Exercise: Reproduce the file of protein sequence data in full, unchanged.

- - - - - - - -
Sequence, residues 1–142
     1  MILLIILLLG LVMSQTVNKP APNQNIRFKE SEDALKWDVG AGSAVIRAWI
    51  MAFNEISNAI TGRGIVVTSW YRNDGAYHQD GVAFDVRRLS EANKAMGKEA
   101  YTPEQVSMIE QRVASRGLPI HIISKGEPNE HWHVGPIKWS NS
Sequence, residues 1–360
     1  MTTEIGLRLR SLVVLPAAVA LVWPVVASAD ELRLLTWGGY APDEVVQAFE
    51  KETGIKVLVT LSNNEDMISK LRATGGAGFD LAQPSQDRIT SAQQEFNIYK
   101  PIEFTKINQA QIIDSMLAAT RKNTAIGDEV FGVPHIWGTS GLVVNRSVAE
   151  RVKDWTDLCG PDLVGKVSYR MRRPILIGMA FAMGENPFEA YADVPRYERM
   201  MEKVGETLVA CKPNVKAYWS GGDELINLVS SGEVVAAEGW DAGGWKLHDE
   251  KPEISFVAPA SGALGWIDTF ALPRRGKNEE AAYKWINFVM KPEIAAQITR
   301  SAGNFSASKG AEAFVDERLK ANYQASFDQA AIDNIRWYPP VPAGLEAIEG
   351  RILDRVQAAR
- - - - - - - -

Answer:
Sequence, residues 1–142
     1  MILLIILLLG LVMSQTVNKP APNQNIRFKE SEDALKWDVG AGSAVIRAWI
    51  MAFNEISNAI TGRGIVVTSW YRNDGAYHQD GVAFDVRRLS EANKAMGKEA
   101  YTPEQVSMIE QRVASRGLPI HIISKGEPNE HWHVGPIKWS NS
Sequence, residues 1–360
     1  MTTEIGLRLR SLVVLPAAVA LVWPVVASAD ELRLLTWGGY APDEVVQAFE
    51  KETGIKVLVT LSNNEDMISK LRATGGAGFD LAQPSQDRIT SAQQEFNIYK
   101  PIEFTKINQA QIIDSMLAAT RKNTAIGDEV FGVPHIWGTS GLVVNRSVAE
   151  RVKDWTDLCG PDLVGKVSYR MRRPILIGMA FAMGENPFEA YADVPRYERM
   201  MEKVGETLVA CKPNVKAYWS GGDELINLVS SGEVVAAEGW DAGGWKLHDE
   251  KPEISFVAPA SGALGWIDTF ALPRRGKNEE AAYKWINFVM KPEIAAQITR
   301  SAGNFSASKG AEAFVDERLK ANYQASFDQA AIDNIRWYPP VPAGLEAIEG
   351  RILDRVQAAR